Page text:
I never thought I'd be interested in going into the conformation ring, but that interest is slowly growing as I wait for my (hopeful) puppy to be born any day now. In the breeder's previous litter (including the dam of this litter), all but one of the pups have had at least a smidgen of a career in the conformation ring, with a 4 of 8 earning their Ch., and 2 of those earning their GCHS.
For someone with NO ring experience, how difficult is it really to earn that Ch. prefix in the Midwest? We do have a reputable training school near me which does some conformation classes, though the instructors' experience is mostly in smaller breeds and not dobies.
I'm trying to use this unbearable waiting time to research my little heart out.
Gretchen-Red is correct when she says (see above) that everyone will have a different opinion.
I went to a dog show with a friend (with a Great Dane puppy) and Dobermans were in the ring right after Danes. I came home from that show--my first--and started looking for a breeder. I wanted a big black Dobe to show. (I knew nothing about choosing a show prospect--and that much has never really changed. Another friend found a litter--11 puppies, 5 males, 4 black. My Dane friend and I went to see them the following week--they were about 6 weeks old then.
This was a long long time ago--the big black male I got was whelped in 1959.
To make this shorter--I found a book and between my Dane friend and the book learned how to stack a dog--she told me what kind show collar to get and an appropriate leash. He got cropped by the wrong vet--and recropped by the vet who cropped most of the show Danes in the PNW and almost cried when he saw the too short bad crop--but at least he fixed the horrible huge bells from the first crop.
My friend brought me an premium list from a local show coming up when my puppy would be just over six month. She asked where is registration papers where. What registration papers. She breathed a sigh of relief when I said that the guy who bred the litter but wasn't the woman I bought the puppy from was having a practice show training class the coming weekend and we could ask about the papers.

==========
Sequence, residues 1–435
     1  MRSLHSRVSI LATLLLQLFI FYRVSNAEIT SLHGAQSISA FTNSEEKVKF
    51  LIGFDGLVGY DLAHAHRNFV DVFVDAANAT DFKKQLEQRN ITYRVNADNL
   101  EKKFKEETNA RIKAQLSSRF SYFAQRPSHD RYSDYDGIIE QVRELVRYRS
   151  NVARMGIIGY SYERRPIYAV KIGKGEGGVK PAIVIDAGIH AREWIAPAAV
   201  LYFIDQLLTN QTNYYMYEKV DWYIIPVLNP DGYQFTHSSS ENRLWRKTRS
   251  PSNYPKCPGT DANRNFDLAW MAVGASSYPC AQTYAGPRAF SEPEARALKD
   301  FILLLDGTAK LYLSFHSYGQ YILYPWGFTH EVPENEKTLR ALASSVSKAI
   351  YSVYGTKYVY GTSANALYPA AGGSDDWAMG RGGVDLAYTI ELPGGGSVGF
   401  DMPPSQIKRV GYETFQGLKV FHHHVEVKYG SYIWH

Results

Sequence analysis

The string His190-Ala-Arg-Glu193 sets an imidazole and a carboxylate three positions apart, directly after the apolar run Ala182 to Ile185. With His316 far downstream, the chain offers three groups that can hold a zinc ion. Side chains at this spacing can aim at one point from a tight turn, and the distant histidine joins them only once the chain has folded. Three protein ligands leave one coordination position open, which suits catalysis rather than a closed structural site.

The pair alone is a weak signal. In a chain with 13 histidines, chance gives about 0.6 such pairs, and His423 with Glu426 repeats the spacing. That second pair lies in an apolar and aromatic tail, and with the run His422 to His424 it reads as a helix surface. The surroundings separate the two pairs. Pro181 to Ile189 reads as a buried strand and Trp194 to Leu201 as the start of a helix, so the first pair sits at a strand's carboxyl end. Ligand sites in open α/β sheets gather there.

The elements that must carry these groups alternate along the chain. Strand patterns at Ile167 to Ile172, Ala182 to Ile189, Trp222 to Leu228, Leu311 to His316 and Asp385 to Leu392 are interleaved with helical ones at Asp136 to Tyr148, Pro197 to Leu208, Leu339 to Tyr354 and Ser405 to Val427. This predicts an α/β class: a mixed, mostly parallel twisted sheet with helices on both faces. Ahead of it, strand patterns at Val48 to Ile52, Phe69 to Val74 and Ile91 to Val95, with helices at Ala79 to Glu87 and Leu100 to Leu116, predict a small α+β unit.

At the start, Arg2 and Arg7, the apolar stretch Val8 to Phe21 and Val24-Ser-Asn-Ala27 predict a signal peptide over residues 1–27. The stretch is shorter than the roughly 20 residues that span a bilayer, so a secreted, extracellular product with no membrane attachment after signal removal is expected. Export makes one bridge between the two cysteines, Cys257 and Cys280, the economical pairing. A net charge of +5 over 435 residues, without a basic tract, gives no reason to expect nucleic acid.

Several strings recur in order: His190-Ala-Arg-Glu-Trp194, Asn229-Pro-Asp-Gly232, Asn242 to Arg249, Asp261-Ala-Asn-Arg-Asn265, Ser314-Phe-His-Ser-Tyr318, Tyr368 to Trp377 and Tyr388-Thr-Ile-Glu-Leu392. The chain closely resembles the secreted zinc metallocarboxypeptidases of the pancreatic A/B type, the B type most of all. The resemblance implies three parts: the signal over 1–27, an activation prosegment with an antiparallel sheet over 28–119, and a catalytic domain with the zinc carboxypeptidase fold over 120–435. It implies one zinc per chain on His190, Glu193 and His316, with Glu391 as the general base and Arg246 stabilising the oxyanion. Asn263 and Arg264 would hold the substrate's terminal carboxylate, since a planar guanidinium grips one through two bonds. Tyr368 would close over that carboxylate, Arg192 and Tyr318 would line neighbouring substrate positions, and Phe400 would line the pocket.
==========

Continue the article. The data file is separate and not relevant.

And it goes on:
The real breeder almost cried when he saw the ears--gave me his registration and said the puppy had turned out very well--he said I had the pick male and maybe the pick puppy from the litter. I was stoked. He said don't get real excited--it's going to be hard for a beginner handler even with a nice puppy to compete.
Later I learned that there were even more handlers in the Dobe ring then than there are today.
I found out, I found out how to be a good sport about loosing but we did our share of winning too--maybe more than our share--at our first show he went reserve from the 6-9 puppy class (very unusual for that day and age--most of the winners came from the open class) his second show was a Dobe Specialty and he went WD, and Best of Winners for a 5 point major. We went to Canada--and he went Best of Breed and Group 2 four days in a row and came home a Canadian champion. By fall that year he needed a major to finish--that last show of the year in the PNW had 5 point majors in dogs and bitches.
One of the handlers I regularly competed against told me the judge liked dogs that would show themselves and I should spend some time teaching my puppy to come to a stop in a stack and not handle him any more than I could possible get away with. He finished with a bang. He went Best of Breed from the classes and a Group 3.
By the time he finished I was just then starting to really be able to show that dog--I went on to owner handle my dogs until some health issues stopped me. But we sure had fun. It really helps to have a really good dog and quite by accident I did have a very good dog. I found out several things along the way--I loved showing my dogs (and any one else's) in the classes--not so much for Breed and definitely not in the Groups. His breeder retired his Special and my dog was his special for a good many years with Groups and BIS's to his credit.
I was green as grass in the show ring but I was lucky that the people (handlers) I showed against were nice and willing to share information with me and I listened to what they told me.
I think it's easier in some respects today to start out--showing a dog when you've never done it before. I've taken dogs through handling classes and most of them do a pretty good job teaching how to take a dog into the conformation ring. And if your puppy comes from a show breeder they are often very helpful in getting you started.
And you'll never know how you will do unless you try it. So good luck and I can definitely tell you it can be done.